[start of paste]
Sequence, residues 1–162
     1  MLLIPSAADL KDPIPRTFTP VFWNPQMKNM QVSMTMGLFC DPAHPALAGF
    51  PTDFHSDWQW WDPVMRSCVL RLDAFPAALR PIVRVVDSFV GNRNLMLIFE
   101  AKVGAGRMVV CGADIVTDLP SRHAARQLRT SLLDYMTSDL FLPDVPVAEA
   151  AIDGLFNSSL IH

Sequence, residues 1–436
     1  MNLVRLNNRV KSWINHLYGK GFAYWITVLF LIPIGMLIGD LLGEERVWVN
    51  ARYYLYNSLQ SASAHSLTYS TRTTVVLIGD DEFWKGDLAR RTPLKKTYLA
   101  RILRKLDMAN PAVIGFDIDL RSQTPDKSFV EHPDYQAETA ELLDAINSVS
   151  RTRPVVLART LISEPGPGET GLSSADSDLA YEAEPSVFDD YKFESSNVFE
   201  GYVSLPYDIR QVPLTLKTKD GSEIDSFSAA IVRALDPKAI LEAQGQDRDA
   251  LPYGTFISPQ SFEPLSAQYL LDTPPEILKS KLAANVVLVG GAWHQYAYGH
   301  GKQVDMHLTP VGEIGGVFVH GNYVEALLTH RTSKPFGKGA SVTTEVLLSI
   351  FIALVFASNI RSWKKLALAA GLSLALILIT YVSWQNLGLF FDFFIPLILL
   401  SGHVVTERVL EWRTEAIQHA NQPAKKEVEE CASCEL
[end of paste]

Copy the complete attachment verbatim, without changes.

Sequence, residues 1–162
     1  MLLIPSAADL KDPIPRTFTP VFWNPQMKNM QVSMTMGLFC DPAHPALAGF
    51  PTDFHSDWQW WDPVMRSCVL RLDAFPAALR PIVRVVDSFV GNRNLMLIFE
   101  AKVGAGRMVV CGADIVTDLP SRHAARQLRT SLLDYMTSDL FLPDVPVAEA
   151  AIDGLFNSSL IH

Sequence, residues 1–436
     1  MNLVRLNNRV KSWINHLYGK GFAYWITVLF LIPIGMLIGD LLGEERVWVN
    51  ARYYLYNSLQ SASAHSLTYS TRTTVVLIGD DEFWKGDLAR RTPLKKTYLA
   101  RILRKLDMAN PAVIGFDIDL RSQTPDKSFV EHPDYQAETA ELLDAINSVS
   151  RTRPVVLART LISEPGPGET GLSSADSDLA YEAEPSVFDD YKFESSNVFE
   201  GYVSLPYDIR QVPLTLKTKD GSEIDSFSAA IVRALDPKAI LEAQGQDRDA
   251  LPYGTFISPQ SFEPLSAQYL LDTPPEILKS KLAANVVLVG GAWHQYAYGH
   301  GKQVDMHLTP VGEIGGVFVH GNYVEALLTH RTSKPFGKGA SVTTEVLLSI
   351  FIALVFASNI RSWKKLALAA GLSLALILIT YVSWQNLGLF FDFFIPLILL
   401  SGHVVTERVL EWRTEAIQHA NQPAKKEVEE CASCEL